In August of this year, the NCAA Board of Directors approved more autonomy for the Big 5 Conferences in a 16-2 vote. The Big 5, consisting of the SEC, ACC, Big 10, Big 12, and PAC 12, now has the power to change the landscape of collegiate athletics. These conferences have the ability to vote on and enact new rules to govern themselves. To enact a new rule, the rule must be approved by (a) 60% of the 80 voters from each conference, including 3 student representatives from each school, plus a majority of schools within 3 out of 5 of the conferences, or (b) a majority of all voters plus a 4 out of 5 majority from the schools in those conferences. Any school is welcome to follow the new rules enacted by the Big 5, though budgetary restrictions may prevent them from being able to do so.
The Big 5 are expected to tackle various issues because of their enhanced autonomy, including whether to increase athlete stipends and offer medical benefits to student-athletes. NCAA President Mark Emmert says the measure will better support student-athletes. Skeptics of the change fear that the new system will only exaggerate the gap between the wealthy schools and institutions with less financial means. “College athletes have been putting tremendous pressure on NCAA sports to eliminate unjust policies, and this vote demonstrates how much power players have when they stand up against this system,” said Ramogi Huma, the Executive Director of the National College Players Association.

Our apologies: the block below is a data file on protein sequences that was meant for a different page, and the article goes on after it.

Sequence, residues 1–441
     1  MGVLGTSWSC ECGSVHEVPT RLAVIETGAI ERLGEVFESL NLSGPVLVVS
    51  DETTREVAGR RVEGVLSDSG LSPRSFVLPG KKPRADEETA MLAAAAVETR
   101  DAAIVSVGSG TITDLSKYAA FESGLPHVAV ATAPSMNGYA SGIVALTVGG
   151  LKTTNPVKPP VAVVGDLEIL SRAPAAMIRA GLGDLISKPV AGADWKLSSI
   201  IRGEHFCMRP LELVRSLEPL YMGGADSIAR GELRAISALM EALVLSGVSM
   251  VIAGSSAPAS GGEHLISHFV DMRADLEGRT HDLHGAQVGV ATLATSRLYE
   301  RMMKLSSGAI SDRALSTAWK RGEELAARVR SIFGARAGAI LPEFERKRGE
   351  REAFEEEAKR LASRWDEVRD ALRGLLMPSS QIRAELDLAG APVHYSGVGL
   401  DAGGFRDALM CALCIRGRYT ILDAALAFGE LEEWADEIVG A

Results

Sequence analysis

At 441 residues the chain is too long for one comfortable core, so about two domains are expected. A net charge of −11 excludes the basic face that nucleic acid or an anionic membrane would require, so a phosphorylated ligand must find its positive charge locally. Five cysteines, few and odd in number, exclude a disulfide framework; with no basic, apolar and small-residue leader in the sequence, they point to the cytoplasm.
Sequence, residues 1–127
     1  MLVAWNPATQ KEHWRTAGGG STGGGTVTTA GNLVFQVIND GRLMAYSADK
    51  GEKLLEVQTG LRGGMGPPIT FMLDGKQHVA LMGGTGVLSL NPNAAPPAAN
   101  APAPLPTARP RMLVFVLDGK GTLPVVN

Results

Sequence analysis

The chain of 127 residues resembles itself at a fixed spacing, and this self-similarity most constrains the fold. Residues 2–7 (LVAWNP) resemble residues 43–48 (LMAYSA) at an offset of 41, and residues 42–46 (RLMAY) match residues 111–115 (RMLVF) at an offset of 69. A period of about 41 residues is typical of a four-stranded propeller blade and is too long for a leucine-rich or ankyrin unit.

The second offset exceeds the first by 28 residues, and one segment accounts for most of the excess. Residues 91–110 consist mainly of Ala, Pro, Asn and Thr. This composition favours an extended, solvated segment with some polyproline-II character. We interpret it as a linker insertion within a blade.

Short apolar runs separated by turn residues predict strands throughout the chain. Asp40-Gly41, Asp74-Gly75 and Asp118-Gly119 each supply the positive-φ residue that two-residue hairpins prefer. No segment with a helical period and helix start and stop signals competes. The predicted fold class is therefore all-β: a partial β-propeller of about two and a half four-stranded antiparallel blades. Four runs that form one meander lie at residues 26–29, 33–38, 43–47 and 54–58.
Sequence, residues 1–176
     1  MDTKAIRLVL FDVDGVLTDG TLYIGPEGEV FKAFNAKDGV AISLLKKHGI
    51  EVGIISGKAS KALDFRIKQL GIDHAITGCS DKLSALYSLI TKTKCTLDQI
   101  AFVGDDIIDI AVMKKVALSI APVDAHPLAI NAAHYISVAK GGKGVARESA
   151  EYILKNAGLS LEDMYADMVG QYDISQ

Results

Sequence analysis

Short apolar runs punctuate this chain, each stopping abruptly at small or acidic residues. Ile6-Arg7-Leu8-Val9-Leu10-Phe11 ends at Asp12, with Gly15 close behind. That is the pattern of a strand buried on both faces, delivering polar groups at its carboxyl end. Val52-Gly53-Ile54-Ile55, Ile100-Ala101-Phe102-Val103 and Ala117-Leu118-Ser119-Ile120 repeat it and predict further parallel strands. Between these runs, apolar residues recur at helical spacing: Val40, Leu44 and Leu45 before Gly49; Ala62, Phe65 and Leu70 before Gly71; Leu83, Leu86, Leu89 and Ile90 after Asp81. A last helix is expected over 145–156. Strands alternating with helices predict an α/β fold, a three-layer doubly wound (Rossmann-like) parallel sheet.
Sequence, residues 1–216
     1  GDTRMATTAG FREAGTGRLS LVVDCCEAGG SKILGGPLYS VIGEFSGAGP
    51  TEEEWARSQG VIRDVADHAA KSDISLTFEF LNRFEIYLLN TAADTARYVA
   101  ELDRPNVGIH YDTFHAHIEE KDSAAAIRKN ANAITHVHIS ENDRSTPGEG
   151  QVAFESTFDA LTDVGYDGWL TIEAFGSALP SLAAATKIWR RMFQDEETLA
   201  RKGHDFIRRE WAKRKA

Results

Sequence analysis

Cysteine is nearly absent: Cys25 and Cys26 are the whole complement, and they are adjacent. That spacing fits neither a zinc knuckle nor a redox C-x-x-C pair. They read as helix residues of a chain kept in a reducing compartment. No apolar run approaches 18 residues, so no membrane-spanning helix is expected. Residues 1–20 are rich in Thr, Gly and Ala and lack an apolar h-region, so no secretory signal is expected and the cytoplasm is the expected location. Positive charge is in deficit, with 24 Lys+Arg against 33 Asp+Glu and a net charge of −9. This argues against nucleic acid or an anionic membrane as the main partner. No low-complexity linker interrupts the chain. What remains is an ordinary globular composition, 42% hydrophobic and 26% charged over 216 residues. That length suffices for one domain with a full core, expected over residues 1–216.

The rule changes follow a series of lawsuits against the NCAA. Judge Claudia Wilken of the United States Court of Appeals for the Ninth Circuit presided over the Ed O’Bannon anti-trust lawsuit, which found that limits on collegiate athletes’ compensation “unreasonably restrains trade.” Judge Wilken granted an injunction that, beginning in the 2016-17 school year, will allow for full compensation to football and basketball student-athletes as well as a system of deferred compensation for their images and likenesses. The NCAA plans to appeal this decision. Hopefully, the new Big 5 autonomy will find the appropriate balance between collegiate sports and athletes’ rights.
The Big 5 decision will be finalized in October and substantial rule changes can be expected around 18 months from now. These changes will go into effect in 2016.